EIN, Equivalent Input Noise, is the noise level that would need to be injected into the input in order to produce that amount of noise at the preamp's output. This is the preamp's self-noise and is independent of the signal and noise in the real input signal.

At 60dB gain, the preamp produces self-noise equivalent to injecting an input noise signal at -128dB. That noise is then amplified by the 60dB gain of the preamp, which means the self-noise at the output is now at -68dBu.

At 30dB gain, the preamp's self noise is equivalent to a -125dBu signal, but it's only being amplified 30dB, so that self-noise appears at the output at -95dBu.
There's less preamp noise at the output (where it matters) with the 30dB setting than with the 60dB setting.

You can look at the graph and see that for each of the preamp types shown, and for all gain settings, the difference in EIN from one gain setting to another is always smaller than the actual gain change. For all three preamp types shown, the preamp's self-noise performance is better at lower gain.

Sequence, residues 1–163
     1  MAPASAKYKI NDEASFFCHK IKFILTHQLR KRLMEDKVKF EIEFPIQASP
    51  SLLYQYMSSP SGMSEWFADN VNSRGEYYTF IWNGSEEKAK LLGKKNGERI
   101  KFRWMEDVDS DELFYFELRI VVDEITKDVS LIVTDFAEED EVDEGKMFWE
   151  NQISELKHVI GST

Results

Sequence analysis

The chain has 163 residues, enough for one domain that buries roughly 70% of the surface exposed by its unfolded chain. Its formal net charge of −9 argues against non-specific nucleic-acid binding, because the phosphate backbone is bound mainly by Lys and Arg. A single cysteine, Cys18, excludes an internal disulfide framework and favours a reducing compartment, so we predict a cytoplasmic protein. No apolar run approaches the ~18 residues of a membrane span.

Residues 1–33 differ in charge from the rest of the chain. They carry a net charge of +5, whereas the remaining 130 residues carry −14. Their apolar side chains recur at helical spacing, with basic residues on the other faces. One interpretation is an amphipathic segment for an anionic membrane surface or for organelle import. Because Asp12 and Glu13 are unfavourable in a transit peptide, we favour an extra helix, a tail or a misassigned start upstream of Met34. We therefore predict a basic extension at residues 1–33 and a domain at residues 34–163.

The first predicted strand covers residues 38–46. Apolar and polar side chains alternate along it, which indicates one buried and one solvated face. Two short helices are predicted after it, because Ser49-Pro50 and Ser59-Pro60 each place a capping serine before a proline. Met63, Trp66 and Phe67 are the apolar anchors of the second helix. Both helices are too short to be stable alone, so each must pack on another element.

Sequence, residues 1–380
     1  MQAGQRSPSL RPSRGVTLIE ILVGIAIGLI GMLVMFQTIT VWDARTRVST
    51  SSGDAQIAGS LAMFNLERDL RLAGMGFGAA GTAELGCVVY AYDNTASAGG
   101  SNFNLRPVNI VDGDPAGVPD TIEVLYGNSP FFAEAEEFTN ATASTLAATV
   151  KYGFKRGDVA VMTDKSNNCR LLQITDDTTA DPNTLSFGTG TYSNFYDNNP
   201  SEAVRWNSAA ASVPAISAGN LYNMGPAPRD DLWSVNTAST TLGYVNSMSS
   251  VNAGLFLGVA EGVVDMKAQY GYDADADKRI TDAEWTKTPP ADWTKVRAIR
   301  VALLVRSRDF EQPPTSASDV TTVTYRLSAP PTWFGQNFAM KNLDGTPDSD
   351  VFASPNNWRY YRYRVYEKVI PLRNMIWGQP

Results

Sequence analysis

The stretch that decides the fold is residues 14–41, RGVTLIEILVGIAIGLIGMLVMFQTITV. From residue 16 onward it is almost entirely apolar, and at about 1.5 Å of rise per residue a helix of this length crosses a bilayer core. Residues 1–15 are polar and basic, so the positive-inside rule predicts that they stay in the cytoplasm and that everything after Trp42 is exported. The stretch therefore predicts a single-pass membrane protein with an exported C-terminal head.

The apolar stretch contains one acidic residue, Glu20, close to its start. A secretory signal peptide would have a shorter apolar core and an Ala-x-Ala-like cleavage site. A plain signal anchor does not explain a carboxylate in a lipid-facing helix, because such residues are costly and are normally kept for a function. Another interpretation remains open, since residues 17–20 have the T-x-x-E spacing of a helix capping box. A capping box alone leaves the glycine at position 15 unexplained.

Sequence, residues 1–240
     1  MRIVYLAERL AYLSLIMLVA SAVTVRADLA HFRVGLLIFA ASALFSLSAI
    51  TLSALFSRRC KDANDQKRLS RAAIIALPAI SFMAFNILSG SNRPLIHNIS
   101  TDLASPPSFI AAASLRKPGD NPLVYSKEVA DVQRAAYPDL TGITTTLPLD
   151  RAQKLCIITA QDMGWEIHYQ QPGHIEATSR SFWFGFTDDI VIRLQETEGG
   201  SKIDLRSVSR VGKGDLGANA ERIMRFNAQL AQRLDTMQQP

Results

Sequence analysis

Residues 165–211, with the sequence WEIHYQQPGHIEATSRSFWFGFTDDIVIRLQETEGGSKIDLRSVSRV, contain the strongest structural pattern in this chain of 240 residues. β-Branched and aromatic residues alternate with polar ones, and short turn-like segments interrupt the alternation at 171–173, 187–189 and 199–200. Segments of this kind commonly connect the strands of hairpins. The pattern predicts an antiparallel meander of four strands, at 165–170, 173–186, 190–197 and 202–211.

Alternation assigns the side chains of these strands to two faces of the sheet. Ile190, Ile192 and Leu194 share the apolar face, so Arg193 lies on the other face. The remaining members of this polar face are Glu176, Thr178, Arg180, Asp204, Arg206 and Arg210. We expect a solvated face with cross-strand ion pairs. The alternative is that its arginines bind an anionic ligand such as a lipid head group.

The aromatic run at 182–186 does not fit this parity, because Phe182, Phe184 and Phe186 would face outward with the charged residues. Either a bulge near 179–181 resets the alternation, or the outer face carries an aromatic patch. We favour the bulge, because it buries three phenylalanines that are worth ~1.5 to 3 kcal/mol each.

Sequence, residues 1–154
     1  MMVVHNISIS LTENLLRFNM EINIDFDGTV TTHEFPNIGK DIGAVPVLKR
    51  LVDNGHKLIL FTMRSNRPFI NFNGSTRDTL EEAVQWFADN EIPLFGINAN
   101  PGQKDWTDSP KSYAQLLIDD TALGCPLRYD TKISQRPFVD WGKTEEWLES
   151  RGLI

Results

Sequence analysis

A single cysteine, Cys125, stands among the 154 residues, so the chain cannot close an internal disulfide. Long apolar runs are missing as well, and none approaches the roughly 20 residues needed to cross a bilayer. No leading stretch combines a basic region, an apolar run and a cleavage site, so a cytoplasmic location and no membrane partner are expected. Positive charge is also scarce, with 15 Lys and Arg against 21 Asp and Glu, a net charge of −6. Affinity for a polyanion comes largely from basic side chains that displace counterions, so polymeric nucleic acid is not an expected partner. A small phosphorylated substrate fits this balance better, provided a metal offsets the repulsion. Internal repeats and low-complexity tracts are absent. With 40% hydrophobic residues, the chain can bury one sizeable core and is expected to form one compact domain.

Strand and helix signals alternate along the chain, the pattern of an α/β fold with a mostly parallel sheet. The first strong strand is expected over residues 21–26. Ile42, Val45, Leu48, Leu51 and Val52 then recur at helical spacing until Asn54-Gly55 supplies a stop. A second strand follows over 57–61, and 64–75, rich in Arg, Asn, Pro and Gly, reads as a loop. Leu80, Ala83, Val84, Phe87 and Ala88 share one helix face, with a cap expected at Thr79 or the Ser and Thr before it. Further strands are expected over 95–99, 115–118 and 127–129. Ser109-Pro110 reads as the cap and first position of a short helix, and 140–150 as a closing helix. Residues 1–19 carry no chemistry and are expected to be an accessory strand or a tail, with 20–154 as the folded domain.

Remember, you set the gain to get the output signal up to whatever nominal level you've decided on. The noise of the preamp is only relevant in its relation to that output signal level. If you can somehow increase the input signal, you turn down the gain control to compensate, and you're turning down the preamp's own noise along with it. If the thing you used to increase the input signal (cloudlifter or fathead) makes its own noise, that'll be amplified along with the microphone signal. But the preamp's contribution to the noise floor will be reduced when you turn down its own gain control.
Old 4 weeks ago | Show parent
  #101
Gear Nut
 
So a fethead may help if it’ ein is lower than preamp’s...
Is there a math formula to calculate mic’s noise contribution to the above scenario?